AG fights Trump rule allowing ‘bomb trains’ of explosive liquefied gas

Susan J. Demas

Attorney General Dana Nessel announced Friday that she has joined a coalition of 14 other AGs in urging a federal court to review a new rule that would allow highly explosive materials to be transported by rail across the country.

The petition, filed in the U.S. Court of Appeals for the District of Columbia Circuit, challenges the President Donald Trump administration’s controversial new federal rule that would let trains carry rail tanks full of liquefied natural gas (LNG).

The practice has never been allowed before in the United States due to safety risks. 

“The lack of safety measures proposed by this administration and the risks posed to our communities are serious red flags I cannot overlook,” Nessel said in a statement Friday. “I’ve joined my colleagues in asking the court to intervene and review this rule to keep our communities safe. Studies on how to safely transport liquefied natural gas by rail are still ongoing, and this administration has rushed to implement a rule that will needlessly endanger people’s lives and threaten our environment.” 

LNG must be stored below -260 degrees, and upon escaping confinement, it expands rapidly to become a highly flammable and explosive cloud of gas. If ignited, the gas would create an inextinguishable pool of fire which could lead to a dangerous explosion.

Nessel, AGs push back on Trump environmental cutbacks

Nessel was among 15 other attorneys general who sent a letter opposing the proposed “LNG by Rail Rule” in January, urging the Trump administration to withdraw the proposal until its public safety and climate implications could be fully examined.

The AGs argue that transporting LNG by rail throughout each state, including Michigan, would present a significant risk of catastrophic accidents and harm the environment by emitting climate change-exacerbating greenhouse gases.

This is the latest environmental challenge to the Trump administration that Nessel has joined. She also has fought against rollbacks to the Clean Water Act, Endangered Species Act, environmental review of infrastructure projects and more.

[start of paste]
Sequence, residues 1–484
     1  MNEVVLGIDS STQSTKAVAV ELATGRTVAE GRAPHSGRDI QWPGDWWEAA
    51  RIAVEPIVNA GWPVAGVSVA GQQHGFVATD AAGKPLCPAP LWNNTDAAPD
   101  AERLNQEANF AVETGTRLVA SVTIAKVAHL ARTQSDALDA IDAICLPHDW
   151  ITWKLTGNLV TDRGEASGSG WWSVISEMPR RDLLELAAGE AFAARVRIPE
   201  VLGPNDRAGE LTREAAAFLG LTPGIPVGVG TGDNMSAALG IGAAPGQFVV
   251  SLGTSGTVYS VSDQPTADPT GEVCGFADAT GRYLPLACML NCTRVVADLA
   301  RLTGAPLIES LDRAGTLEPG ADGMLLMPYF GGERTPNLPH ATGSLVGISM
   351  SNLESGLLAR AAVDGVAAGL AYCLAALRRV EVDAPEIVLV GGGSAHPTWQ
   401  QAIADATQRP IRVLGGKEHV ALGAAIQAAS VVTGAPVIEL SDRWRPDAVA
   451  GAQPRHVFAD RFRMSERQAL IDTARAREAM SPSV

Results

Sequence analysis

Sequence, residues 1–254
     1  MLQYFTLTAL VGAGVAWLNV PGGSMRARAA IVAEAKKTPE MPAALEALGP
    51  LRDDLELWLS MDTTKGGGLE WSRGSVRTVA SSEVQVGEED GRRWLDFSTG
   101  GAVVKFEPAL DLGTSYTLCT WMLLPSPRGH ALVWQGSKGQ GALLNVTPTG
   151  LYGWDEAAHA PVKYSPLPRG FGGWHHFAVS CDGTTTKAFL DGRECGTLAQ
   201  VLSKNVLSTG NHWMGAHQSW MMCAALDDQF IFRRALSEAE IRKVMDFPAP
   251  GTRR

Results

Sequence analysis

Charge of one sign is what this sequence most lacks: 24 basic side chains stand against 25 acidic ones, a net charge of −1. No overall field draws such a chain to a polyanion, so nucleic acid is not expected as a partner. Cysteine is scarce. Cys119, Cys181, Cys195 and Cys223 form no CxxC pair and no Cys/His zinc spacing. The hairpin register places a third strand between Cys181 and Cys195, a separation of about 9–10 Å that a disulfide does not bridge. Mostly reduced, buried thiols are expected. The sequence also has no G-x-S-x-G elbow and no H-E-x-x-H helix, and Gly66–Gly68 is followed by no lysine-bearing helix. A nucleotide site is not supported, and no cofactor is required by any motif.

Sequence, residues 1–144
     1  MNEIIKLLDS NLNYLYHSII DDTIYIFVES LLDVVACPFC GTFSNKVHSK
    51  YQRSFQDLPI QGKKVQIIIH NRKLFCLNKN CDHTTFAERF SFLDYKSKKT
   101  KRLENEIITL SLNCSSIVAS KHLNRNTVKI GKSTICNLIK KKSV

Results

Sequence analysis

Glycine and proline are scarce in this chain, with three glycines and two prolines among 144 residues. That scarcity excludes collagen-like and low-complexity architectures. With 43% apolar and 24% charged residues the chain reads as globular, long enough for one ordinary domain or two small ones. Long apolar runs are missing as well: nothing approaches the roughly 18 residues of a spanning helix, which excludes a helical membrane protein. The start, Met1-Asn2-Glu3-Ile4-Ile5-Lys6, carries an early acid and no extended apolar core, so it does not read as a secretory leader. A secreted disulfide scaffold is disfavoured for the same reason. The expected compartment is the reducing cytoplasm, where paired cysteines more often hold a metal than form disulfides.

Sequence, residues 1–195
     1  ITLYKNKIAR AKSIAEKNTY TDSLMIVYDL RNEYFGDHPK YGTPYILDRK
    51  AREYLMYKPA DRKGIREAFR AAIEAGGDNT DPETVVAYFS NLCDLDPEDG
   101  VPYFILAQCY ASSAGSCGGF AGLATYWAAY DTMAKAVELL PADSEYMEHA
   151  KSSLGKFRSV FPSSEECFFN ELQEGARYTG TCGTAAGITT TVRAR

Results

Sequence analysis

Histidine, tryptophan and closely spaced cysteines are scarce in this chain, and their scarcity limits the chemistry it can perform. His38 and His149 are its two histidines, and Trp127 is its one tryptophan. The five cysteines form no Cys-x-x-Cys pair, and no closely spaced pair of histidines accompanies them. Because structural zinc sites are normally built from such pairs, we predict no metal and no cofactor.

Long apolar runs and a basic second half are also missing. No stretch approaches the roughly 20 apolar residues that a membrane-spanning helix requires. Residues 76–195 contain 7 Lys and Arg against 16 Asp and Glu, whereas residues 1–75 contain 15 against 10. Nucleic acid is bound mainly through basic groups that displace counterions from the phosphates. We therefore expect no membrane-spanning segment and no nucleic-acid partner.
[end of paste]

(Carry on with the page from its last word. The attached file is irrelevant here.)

The California-based environmental law organization Earthjustice also filed a legal challenge to the federal rule on Tuesday.

Next up for Nessel: Taking on Trump over Endangered Species Act rollback

“Under this new rule, it’s only a matter of time before we see an explosion in a major population center,” said Emily Jeffers, an attorney with the Center for Biological Diversity. “Since the Trump administration isn’t upholding its duty to protect the American people from disaster, we’re taking them to court.”

The rulemaking process began after Trump issued an executive order in April 2019, directing the Pipeline and Hazardous Materials Safety Administration (PHMSA) to make liquefied natural gas able to be transported by rail. Currently, only trucks and specialized UN portable tanks are permitted to carry LNG.

Becky Ayech, president of the Environmental Confederation of Southwest Florida that’s part of the legal challenge, described the railcars as “moving bombs.”

The coalition of attorneys general bringing the petition also includes California, Delaware, Illinois, Maryland, Massachusetts, Michigan, New Jersey, New York, Oregon, Pennsylvania, Rhode Island, Vermont, Washington and the District of Columbia.

Laina G. Stebbins
Laina G. Stebbins covers the environment, immigration and criminal justice. She is a graduate of Michigan State University’s School of Journalism, where she served as Founding Editor of The Tab Michigan State and as a reporter for the Capital News Service. When Laina is not writing or listening to podcasts, she loves art and design, discovering new music, being out in nature and spending time with her two cats Rainn and Remy.